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Don't forget that IPv6 is just around the corner

By Donna Donnowitz
February 27, 2015

Many IT teams seem to be striving to avoid the inevitable, choosing to implement network address translation strategies and lPv4 technology in lieu of preparing for the transition to IPv6. Even if workarounds are available, the explosive rise of Internet of Technology and other Internet-capable devices is bound to overload the address capacity of IPv4 sooner than later. Those behind the IPv6 curve in the future will find themselves with a long list of compatibility problems to solve as they scramble to update their hardware. Keep the following risk factors in mind as the countdown to IPv6 comes to a close.

Utilize creative means to manage longer addresses names
You and your IT team should, at the very least, develop a system for managing IP addresses three times longer than their predecessors. Network World recommends utilizing a domain name system to label and organize IPv6 with readable, memorable labels. The resource noted that these DNS names would act like a speed dial for IPv6, allowing your IT staff to develop a sensible method of organizing and remembering the address for every device connected to your data center.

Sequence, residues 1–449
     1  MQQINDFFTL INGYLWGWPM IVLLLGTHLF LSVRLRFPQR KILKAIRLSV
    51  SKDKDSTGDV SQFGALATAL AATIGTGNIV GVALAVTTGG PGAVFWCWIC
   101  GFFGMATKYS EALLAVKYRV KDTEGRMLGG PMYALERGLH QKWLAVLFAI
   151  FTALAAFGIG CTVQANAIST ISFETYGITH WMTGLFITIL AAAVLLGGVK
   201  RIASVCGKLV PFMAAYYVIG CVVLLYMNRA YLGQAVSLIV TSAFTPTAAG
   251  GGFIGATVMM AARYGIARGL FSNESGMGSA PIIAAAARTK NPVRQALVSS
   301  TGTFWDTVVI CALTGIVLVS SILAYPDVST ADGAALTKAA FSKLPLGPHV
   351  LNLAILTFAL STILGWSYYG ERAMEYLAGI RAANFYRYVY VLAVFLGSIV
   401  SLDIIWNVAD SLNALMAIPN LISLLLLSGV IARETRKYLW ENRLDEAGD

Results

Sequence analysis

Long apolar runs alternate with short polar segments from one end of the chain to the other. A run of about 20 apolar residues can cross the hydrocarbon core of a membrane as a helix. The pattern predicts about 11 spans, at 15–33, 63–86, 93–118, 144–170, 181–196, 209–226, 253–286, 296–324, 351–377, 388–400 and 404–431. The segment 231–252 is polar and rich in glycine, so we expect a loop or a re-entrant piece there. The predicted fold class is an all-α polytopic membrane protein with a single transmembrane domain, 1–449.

Use a test network to better prepare for the switch
Creating a test network is its own chore, and building one using IPv6 will have its own unique problems for your IT staff to figure out. Best to get that trial and error over as soon as possible. Network Computing warned that IT teams should prepare to troubleshoot issues with device memory and firewall effectiveness from the start. Building a next-generation test environment also provides an excuse to invest in the type of networking solutions that your IT team will need in the near future, like IPv6-compatible serial-to-Ethernet gear.

Adoption will continue to ramp up in 2015
News coverage about IPv6 may be on the decline, that but hasn't stopped more IT teams from updating their facilities with technology prepared to work with new addresses. According to IT Business Edge, IPv6 adoption is expected to continue rising in 2015, driven by wider consumer device support and recent advancements in Bluetooth.

Perle's serial to Ethernet converters connect serial based equipment across an Ethernet network. The Perle IOLAN range of Console Servers, Device Servers and Terminal Servers feature built-in support for IPv6 along with a broad range of authentication methods and encryption technologies.


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